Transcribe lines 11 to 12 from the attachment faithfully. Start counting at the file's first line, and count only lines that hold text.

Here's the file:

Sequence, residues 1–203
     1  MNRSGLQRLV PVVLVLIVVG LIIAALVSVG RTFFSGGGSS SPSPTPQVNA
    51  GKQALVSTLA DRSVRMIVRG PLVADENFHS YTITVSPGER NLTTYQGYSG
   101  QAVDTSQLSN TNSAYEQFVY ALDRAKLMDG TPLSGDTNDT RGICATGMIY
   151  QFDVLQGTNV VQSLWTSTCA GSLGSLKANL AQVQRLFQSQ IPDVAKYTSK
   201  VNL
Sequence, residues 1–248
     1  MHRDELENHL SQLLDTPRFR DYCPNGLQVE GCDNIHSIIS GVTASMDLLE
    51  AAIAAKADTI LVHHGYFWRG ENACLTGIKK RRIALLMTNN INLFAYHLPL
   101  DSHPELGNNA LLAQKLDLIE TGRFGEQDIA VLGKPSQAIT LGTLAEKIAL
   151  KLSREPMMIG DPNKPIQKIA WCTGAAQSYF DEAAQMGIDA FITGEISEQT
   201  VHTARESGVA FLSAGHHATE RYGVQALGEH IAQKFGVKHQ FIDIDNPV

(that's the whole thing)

   151  KLSREPMMIG DPNKPIQKIA WCTGAAQSYF DEAAQMGIDA FITGEISEQT
   201  VHTARESGVA FLSAGHHATE RYGVQALGEH IAQKFGVKHQ FIDIDNPV